Saturday, January 15, 2011

Tips for data mining - part 1 out of many!

Having spent a good part of the last four years in mining data and working in general in the business/ predictive analytics areas, I thought I'd take a step back and summarize some of my lessons learnt through data mining. I was inspired to do this based on a very revealing article by Tom Breur, principal at XLT Consulting. More on Tom and his writings later.

So what have I worked on these past years? As a management consultant in my previous life, working with data and tons of it was a given. Using data extensively, building business analytics models which aim to replicate real world processes, establishing objective criteria to take decisions is all bread-and-butter ways of problem solving in the consulting world. In fact, I'd go as far to say that consultants seriously suffer from a lack of self-confidence when they consider out of the box solutions that do not include any/ all of the above. My consulting experience was mainly in the area of consumer goods distribution and marketing. Then moved to retail financial services. The main area of experience there has been in credit risk modeling and consumer cash flow modeling. Modeling how much of these events (credit risk, cash flow) are driven by internal factors and how much by exogenous occurences. Also modeling consumer response to marketing products. A recent foray has been into text mining unstructured responses from applicants.

So what have I learnt? I will try and summarize in a few posts, with potential reader fatigue in due consideration.At a summary level, these are the eight steps to data mining salvation.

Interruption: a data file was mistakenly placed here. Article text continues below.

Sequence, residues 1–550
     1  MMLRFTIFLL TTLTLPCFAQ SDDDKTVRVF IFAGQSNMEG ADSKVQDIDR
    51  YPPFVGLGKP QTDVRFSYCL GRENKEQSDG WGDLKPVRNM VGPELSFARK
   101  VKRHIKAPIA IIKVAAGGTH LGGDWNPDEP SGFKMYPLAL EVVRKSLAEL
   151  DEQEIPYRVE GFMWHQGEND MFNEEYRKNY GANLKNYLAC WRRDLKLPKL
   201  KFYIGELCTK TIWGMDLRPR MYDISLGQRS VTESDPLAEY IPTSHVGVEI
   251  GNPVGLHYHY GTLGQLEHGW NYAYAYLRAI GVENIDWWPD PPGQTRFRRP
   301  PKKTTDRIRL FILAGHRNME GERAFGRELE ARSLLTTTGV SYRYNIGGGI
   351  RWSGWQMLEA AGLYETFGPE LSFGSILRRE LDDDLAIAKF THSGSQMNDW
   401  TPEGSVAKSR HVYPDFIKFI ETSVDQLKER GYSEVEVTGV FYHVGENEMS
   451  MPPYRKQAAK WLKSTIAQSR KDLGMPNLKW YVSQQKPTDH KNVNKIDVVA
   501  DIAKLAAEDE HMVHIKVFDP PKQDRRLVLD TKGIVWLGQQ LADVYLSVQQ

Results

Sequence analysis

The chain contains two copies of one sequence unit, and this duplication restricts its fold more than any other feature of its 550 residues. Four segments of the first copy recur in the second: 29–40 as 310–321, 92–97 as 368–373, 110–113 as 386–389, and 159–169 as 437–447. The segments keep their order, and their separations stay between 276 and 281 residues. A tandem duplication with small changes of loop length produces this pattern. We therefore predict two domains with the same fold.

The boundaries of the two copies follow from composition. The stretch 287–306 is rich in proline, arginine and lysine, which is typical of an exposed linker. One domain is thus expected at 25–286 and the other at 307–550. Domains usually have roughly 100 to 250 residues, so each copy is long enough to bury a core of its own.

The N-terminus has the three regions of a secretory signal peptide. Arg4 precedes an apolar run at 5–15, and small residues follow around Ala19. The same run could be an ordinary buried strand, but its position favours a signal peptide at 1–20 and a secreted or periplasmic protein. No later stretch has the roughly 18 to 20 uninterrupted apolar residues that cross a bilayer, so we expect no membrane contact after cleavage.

1. Define the problem and the design of the solution
2. Establish how the tool you are building is going to be used
3. Frame the approach before jumping to the actual technical solution
4. Understand the data
5. Beware the "hammer looking for a nail"
6. Validate your solution
7. Beware the "smoking gun"
8. Establish the value upside and generate buy-in

I will tackle each of these steps in some detail now.

1. Define the problem and the design of the solution
This is the first step. Define the problem that you are really trying to solve. The key here to defining the problem well is to frame the solution in terms of business outcomes.

Complete the following sentence. "Solving this problem will lead to x% increase in sales, y% decrease in costs, a multiplier of efficiency and speed by z" etc. If this sentence does not flow easily, then I am afraid you have not spent the time defining the overall problem well enough.

Understand the context surrounding the problem, why it has been difficult to crack over the years, where is the data going to come from, where has the data come in the past and are there going to be changes to how it will be available in the future? Speak to others who have taken a crack at this problem and their view on where the constraints lie.